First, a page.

In the same tradition as Agatha Christie’s Marple and Poirot, Father Brown is the classic late afternoon BBC series. Based upon the GK Chesterton novels, it’s a detective story in all but name and his portrayal goes back as far as Alec Guinness.
Williams is Oxford educated, he’s had roles in classic films like 101 Dalmatians and Shakespeare In Love and over the past decade has become synonymous with the kindly father Arthur Weasley in Harry Potter whilst his role as one of the Suit You tailors from The Fast Show remains memorable two decades later.
“So Mark, a priest who solves crimes…do you feel viewers might have trouble relating to that? This was the question I wanted to ask. Except I was beaten to it. Although this did spare me the speech about equating all priests with paedophiles, it was a disappointing tone-setter for the rest of the allocated time.
Whilst it’s always unwise to make character assumptions based upon an actor’s previous roles; it’s not unreasonable to believe that there might be some overlap. An adorable clumsiness? An overfamiliar new friend? It was closer to an unrepentant popstar doing remedial PR after a tabloid sting.
“Is [Father Brown] very comedic or does it just have comic elements?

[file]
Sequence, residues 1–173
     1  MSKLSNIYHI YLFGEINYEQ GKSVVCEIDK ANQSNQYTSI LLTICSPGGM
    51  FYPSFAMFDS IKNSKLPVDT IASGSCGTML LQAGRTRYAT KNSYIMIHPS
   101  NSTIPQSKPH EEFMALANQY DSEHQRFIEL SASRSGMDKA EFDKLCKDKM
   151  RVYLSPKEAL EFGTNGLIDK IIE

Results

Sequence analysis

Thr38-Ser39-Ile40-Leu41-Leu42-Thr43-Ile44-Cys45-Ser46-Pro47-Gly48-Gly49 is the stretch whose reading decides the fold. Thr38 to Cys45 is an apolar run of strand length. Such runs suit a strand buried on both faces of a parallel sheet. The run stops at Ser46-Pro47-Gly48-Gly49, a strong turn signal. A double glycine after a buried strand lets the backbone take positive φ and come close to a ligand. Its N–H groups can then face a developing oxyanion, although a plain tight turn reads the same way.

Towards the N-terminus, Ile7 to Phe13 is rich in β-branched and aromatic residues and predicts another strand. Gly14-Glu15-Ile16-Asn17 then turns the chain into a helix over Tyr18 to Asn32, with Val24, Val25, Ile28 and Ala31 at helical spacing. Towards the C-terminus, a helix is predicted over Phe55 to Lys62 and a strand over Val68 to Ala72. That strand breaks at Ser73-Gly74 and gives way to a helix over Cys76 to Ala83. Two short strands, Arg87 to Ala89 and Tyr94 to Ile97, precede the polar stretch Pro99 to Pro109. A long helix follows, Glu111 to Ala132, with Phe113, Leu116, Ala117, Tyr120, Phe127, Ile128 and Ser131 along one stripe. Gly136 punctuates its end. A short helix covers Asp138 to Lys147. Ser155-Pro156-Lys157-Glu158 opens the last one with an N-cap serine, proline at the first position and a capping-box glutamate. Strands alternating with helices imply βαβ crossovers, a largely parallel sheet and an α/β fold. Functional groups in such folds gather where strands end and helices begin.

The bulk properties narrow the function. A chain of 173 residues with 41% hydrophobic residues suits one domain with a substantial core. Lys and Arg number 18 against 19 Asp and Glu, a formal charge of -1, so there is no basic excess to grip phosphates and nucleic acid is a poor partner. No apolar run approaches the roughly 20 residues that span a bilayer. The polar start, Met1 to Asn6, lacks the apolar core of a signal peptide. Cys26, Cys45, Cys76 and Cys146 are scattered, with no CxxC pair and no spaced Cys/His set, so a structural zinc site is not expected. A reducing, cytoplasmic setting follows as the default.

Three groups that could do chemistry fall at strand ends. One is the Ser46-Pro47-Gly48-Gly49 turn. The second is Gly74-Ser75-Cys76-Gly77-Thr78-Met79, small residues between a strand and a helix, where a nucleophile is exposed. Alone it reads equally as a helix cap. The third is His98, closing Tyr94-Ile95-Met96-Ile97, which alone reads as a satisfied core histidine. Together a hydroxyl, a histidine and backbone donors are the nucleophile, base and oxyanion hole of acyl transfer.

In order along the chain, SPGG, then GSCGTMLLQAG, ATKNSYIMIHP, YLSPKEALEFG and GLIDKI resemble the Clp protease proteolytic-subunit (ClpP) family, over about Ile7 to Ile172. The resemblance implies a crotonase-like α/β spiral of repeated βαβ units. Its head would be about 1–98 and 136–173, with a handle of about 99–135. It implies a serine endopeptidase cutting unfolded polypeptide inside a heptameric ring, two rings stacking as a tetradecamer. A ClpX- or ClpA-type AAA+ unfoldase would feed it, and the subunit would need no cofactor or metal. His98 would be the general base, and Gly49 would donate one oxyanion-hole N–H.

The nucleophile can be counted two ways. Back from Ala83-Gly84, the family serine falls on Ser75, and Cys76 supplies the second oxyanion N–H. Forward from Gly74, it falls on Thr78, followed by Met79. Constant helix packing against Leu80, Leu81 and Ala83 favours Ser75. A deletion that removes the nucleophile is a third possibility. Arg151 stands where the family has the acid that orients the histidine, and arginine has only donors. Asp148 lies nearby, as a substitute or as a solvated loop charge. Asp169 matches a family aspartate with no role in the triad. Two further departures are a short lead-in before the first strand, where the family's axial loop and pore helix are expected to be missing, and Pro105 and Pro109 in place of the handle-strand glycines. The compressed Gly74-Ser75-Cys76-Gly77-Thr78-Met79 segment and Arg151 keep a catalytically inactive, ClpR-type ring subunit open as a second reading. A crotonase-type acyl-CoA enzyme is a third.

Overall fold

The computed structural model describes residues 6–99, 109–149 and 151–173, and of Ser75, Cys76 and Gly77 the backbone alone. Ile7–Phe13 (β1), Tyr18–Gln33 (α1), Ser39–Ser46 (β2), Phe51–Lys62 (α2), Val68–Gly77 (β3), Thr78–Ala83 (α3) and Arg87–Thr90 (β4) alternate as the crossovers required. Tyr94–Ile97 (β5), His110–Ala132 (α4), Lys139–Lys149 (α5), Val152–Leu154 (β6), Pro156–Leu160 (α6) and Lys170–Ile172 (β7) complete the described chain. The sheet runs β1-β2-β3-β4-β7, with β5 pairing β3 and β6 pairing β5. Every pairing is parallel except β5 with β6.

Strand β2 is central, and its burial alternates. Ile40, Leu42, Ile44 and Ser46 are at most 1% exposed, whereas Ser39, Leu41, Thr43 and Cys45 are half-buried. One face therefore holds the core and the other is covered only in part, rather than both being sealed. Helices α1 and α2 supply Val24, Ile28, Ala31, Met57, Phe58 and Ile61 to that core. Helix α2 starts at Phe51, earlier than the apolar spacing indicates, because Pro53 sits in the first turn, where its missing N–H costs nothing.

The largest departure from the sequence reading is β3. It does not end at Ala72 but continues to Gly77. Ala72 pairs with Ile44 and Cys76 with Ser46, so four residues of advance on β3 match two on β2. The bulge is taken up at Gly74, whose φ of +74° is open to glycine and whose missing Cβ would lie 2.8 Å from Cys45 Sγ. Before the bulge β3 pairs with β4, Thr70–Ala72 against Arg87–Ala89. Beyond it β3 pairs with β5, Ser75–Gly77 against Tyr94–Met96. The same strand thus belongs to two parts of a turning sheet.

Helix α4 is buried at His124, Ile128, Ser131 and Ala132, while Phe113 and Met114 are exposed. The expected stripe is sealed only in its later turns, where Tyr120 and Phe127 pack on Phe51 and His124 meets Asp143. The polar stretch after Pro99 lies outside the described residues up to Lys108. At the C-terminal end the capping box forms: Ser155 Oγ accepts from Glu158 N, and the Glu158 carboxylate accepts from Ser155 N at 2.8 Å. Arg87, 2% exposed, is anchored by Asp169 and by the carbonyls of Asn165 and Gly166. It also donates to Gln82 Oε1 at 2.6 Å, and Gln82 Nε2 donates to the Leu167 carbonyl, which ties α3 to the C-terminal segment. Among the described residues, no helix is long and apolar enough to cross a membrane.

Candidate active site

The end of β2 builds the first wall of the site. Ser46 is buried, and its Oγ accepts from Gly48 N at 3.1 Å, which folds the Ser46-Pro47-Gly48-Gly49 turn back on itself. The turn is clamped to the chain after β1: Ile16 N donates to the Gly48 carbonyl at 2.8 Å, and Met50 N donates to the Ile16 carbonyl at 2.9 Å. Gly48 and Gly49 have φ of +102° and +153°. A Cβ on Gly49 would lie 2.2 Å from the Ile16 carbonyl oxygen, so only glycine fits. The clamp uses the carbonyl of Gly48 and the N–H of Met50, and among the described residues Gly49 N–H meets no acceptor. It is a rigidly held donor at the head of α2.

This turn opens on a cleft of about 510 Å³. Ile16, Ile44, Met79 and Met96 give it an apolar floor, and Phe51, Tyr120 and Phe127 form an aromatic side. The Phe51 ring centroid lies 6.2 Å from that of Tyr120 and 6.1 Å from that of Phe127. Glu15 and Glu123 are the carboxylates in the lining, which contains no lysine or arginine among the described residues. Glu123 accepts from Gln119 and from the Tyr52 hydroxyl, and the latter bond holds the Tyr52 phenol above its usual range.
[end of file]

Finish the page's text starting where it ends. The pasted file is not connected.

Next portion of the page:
“What do you mean by ‘comic’?
“Oh! Funny, yes. (Nobody has mentioned the Fast Show) I keep being fingered for being in the Fast Show, and people still sometimes call me a comic, which, one is extremely demeaning towards comics and two, really annoying to me…why are they going on about the Fast Show?
For small feature pieces like this, four hundred to six hundred words is the norm. A good anecdote can easily provide a quarter of that. Which means that as a journalist that if you can prepare four to six good questions, you’re golden. It’s not a hard job.
The celeb knows that they’re only there to promote their new show, the journalist knows he’s only getting time with the celeb for the same reason. However the relationship is necessarily reciprocal: without good copy, there is no feature. Unless you’re a Kardashian or equivalent; someone whose fame so thoroughly eclipses the need for interesting prose that their every utterance is treated like a golden shower, instead of as the indicator of severe dehydration it actually is.
“Comedy for me is people looking for a laugh?
“Now, Mark, the role of Arthur Weasley obviously brought many challenges…has being a ginger for that long caused you any adverse effects?
“Yes…(Long pause) I suppose it must be about ten years ago now, I was walking around the West End after just having my hair dyed [for the first Harry Potter] – and it was a bright orange – when I saw Stephen Fry and he said to me ‘Is that for professional reasons, or sexual reasons?’
One viable anecdote in twenty three and a half minutes. It was like going to a Sisqo gig and being made to wait until the encore for ‘Thong Song’ – you knew he had something worth hearing, but you don’t understand why he made you suffer so long for it.
Father Brown is on BBC 1 at 1415 on Wednesday, Thursday and Friday this week